This Psalm speaks of tribulations. We must remember that tribulation comes to make us strong in the Lord. Jesus Christ (their Messiah), is the God of salvation. Note again here, that the Psalmist calls God, my God. Whatever the prayer, it was of a very urgent nature, since he prayed night and day. This Psalm is very sad.
Psalm 88:2 “Let my prayer come before thee: incline thine ear unto my cry;”
Not before men, as hypocrites desire, but before the Lord. Let it not be shut out, but be admitted. And let it come with acceptance, as it does when it ascends before God. Out of the hands of the angel before the throne, perfumed with the much incense of his mediation (Rev. 8:3).
“Incline thine ear unto my cry”: Hearken to it, receive it, and give an answer to it. Christ’s prayers were attended with strong crying, and were always received and heard (Heb. 5:7).
The Psalmist is begging the Lord not to look the other way, but to consider his prayer. Turn your ear toward me and hear my pleas.
Psalm 88:3 “For my soul is full of troubles: and my life draweth nigh unto the grave.”
I am full of trouble. The word rendered as “full” means properly to filled as with food. That is, when as much had been taken as could be. So he says here, that this trouble was as great as he could bear. He could sustain no more. He had reached the utmost point of endurance; he had no power to bear anymore. Innumerable evils compassed him about (Psalm 40:12), and the sins of his people, those evil things, were imputed to him. The iniquity of them all was laid upon him, as was also the evil of punishment for them; and then he found trouble and sorrow enough.
“And my life draweth nigh unto the grave”: A phrase expressive of a person’s being just ready to die (Job 33:22). As the psalmist now thought he was (Psalm 88:5). It is in the plural number “my lives”; and so may not only denote the danger he was in of his natural life, but of his spiritual and eternal life. Which he might fear, being in darkness and desertion, would be lost, though they could not. Yea, that he was near to “hell” itself, for so the word may be rendered. For when the presence of God is withdrawn, and wrath let into the conscience, a person in his own apprehension seems to be in hell as it were, or near it (see Jonah 2:2). This was true of Christ, when he was sorrowful unto death, and was brought to the dust of it. And under divine dereliction, and a sense of the wrath of God, as the surety of his people.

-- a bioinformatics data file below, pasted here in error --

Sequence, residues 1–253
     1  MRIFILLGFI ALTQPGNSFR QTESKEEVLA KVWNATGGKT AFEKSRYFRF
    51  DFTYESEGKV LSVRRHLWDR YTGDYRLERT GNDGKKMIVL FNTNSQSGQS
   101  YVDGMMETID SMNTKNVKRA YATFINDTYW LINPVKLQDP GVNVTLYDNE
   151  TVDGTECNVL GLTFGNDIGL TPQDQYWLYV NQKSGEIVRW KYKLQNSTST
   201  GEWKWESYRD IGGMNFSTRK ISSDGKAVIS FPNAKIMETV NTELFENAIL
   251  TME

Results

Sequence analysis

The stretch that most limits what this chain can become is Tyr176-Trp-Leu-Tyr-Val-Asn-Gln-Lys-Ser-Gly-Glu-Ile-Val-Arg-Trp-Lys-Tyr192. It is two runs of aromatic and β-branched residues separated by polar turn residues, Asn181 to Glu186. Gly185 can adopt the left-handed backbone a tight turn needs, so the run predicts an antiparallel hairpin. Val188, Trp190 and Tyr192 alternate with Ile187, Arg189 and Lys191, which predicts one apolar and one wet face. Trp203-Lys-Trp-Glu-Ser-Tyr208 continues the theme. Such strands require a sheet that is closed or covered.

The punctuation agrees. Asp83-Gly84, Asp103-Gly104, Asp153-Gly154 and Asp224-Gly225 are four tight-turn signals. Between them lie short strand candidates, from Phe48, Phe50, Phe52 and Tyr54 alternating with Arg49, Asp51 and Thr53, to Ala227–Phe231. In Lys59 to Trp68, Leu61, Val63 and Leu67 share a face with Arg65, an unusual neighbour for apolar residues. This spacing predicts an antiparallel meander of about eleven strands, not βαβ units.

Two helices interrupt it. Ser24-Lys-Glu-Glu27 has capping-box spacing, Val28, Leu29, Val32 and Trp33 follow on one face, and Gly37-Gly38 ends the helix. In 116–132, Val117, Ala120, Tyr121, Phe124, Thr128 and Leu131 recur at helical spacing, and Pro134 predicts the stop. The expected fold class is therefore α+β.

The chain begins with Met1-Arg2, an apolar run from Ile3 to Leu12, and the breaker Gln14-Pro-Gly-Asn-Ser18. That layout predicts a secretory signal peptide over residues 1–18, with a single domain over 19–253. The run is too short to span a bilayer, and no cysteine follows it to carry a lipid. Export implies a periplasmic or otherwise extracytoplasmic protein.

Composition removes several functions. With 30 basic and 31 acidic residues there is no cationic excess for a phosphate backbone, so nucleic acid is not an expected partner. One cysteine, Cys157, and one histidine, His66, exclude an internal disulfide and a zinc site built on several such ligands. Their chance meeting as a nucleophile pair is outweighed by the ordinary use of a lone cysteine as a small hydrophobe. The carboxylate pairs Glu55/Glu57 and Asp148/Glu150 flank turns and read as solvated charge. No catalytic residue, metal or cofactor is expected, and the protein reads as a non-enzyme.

The psalmist is saying that his soul is sick. Perhaps, even death is very near. Whether this be physical death, or death of his soul, it does not say.
Psalm 88:4 “I am counted with them that go down into the pit: I am as a man [that hath] no strength:”
“Go down into the pit”: “Pit” is one of several references to the grave in this psalm (compare the dead (verses 5, 10); Sheol, or the grave (verses 3, 5, 11); Abaddon (verse 11).
This verse makes it clear that the sickness of his soul is because he has sinned and feels that God will not hear. The pit he speaks of is hell. His strength comes from the Lord, and he is out of contact with the Lord, so his strength is gone.
Psalm 88:5 “Free among the dead, like the slain that lie in the grave, whom thou rememberest no more: and they are cut off from thy hand.”
“Free among the dead”: Expresses the idea that death cuts off all ties to friends and family as well as to God.
He is saying here, that once you die in your sin, there is no more help for you. He also is saying that he is like that man, because he cannot seem to hear from God. He feels all is lost. There is no hope for him. He should remember what he said in the first verse. He called God, God of my salvation. We must have faith to be able to reach God. His problem is, that he has given up.
Psalm 88:6 “Thou hast laid me in the lowest pit, in darkness, in the deeps.”
The Targum interprets it of “captivity which was like unto the lowest pit”; and so Jarchi and Kimchi. Some understand it of a prison or dungeon, into which the psalmist was put. It may be interpreted of the pit of the grave, into which Christ was laid. Though he continued in it not so long as to see corruption; from that prison and judgment he was quickly taken (Psalm 16:10). “In darkness”; both corporeal and spiritual (Matt. 27:45). And it is in the Hebrew text “in darknesses”, denoting both.